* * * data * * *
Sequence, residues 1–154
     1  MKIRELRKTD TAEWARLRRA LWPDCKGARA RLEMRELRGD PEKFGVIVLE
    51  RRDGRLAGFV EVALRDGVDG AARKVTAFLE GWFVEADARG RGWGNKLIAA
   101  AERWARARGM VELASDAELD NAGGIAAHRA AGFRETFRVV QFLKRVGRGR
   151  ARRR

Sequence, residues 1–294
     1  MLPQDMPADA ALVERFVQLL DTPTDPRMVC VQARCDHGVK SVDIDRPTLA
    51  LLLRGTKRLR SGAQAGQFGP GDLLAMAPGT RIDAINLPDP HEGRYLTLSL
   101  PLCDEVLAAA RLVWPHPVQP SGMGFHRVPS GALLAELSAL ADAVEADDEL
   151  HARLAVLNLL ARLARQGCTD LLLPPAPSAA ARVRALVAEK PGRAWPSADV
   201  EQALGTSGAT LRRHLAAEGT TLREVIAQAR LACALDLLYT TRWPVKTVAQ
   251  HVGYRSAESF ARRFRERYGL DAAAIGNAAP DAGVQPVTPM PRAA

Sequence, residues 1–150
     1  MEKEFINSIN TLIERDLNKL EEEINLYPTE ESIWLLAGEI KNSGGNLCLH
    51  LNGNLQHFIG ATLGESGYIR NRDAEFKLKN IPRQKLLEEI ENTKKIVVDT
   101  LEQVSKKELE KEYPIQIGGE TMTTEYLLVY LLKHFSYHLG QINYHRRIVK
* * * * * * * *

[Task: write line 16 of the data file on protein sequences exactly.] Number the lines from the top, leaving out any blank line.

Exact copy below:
   101  LEQVSKKELE KEYPIQIGGE TMTTEYLLVY LLKHFSYHLG QINYHRRIVK